Send in the Bears

Published by Michael Keeley, Maine Mariners Media Relations and Broadcast Manager

It has become a minor league hockey tradition. Around holiday time each year, hometown fans around the globe sit on the edge of their seats, teddy bears in hand, anxiously anticipating that first goal. When it finally comes, the flying fur commences. The home team helps with cleanup, the visiting goalie dejectedly skates to the bench, and the counting begins. It's a spectacle that never gets old, no matter how many times you see it. And on Saturday, November 24th, the first one in Maine Mariners history was a success.

The over-sized teddy bear has become a Teddy Bear Toss staple.

It's hard to overshadow the Teddy Bear Toss event, but this game turned out to be an exception. The Mariners rallied from three goals down with less than fourteen minutes remaining in the third on the back of Ty Ronning's five point period, to defeat the Manchester Monarchs, 6-4. It was Riley Bourbonnais' second period goal to tie the game at one, that sent the bears flying. Bourbonnais was playing in his first game in over a month after suffering a knee injury in just the fourth game of the season. He led a two-on-one rush up the right wing and slid a shot low glove side to trigger the toss.

"The teddy bear event is an amazing experience and I'm fortunate enough to have scored the goal," Bourbonnais said. "I'm glad we were able to get the win for the fans."

Bourbonnais' goal didn't come until the 10:54 mark of the second period - more than halfway through regulation time. It's well before then that front office staffs start to get a little nervous about the worst-case scenario: a Teddy Bear Toss Shutout. Mariners V.P. of business operations Adam Goldberg says he's been apart of two of them, but it was head coach Riley Armstrong who had perhaps the best story.

Legend has it that the Silvertips put off the Teddy Bear Toss for a few years following the hi-jinx of their first attempt. Coach Armstrong was second on that Everett team in scoring that season, and despite scoring over 100 professional goals (and many more counting leagues outside North America), he never put in the sacred teddy bear tally. So on Saturday night, he lived vicariously through the other Riley.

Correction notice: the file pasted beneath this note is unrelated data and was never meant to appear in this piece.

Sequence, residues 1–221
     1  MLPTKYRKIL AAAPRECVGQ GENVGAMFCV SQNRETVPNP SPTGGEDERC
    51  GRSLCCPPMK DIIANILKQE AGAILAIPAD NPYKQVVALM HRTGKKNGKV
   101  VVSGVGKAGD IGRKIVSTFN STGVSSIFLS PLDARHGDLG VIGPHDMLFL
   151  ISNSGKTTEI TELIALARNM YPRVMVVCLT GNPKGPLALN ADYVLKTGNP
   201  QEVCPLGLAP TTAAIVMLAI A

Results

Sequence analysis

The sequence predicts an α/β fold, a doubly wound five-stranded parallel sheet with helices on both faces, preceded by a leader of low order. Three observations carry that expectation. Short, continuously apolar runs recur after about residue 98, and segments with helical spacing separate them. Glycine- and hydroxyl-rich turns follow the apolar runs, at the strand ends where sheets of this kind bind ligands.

Riley Bourbonnais will forever hold the milestone of "first Teddy Bear Goal in Mariners history."

Where did the Teddy Bear Toss originate? 'According to Wikipedia' (always a dangerous phrase), it was the Kamloops Blazers of the WHL, some ten years before Coach Armstrong's teddy bear shutout, that are credited with starting the tradition on December 5th, 1993 (although it appears that the true origin is still under dispute). Brad Lukowich, eventual two-time Stanley Cup champion scored the first ever credited teddy bear goal. From there, the Teddy Bear Toss spread like wildfire, through the rest of the CHL and rapidly up through minor league professional hockey. It's still in Juniors, however, where the world record for bears collected is held.

Ty Ronning thinking "you know what else would be cool on this ice? Hats."

The Calgary Hitmen, who play in the WHL as well, are responsible for the most viral of teddy bear toss videos circulating the internet over the last decade or so. Their collection of 28,815 stuffed animals on December 6th, 2015 is the standing record. At the pro level, the Hershey Bears of the AHL appropriately lead the way, coming up about 3,000 bears short of the Hitmen in December of last year.

The Hitmen drive pick up trucks onto the ice to collect teddy bears in such volume, but the Mariners cleanup wasn't quite as sophisticated. While the 1,153 bears collected might pale in comparison to Calgary or Hershey, Mariners fans came through for Toys for Tots and local children's charities and created a cleanup that required a lot of help.

Cleanup was a full team effort.

Mariners promo staff, game ops, front office, arena staff, and players all contributed to the clean up effort. With trash bags and bins and the toss-a-tomato collecting rope, the game was ready to resume in just a few minutes. What makes the Teddy Bear Toss so dramatic is also what makes it stressful for the game night staff: you know it's coming, you just don't know when.

Watch out for flying bears.

And what happens on those nights when it's just not meant to be? Well, usually the toss happens when the final buzzer sounds - a far less festive version of the event, and a much more depressing cleanup. At the core of the Teddy Bear Toss though, no matter the timing or the collection size, is the spirit of holiday giving. Maine's Marines Toys for Tots and other local children's charities will be sure that 1,153 children have a holiday that is just a little bit happier thanks to the generosity of Mariners fans.

Who's the bigger teddy bear?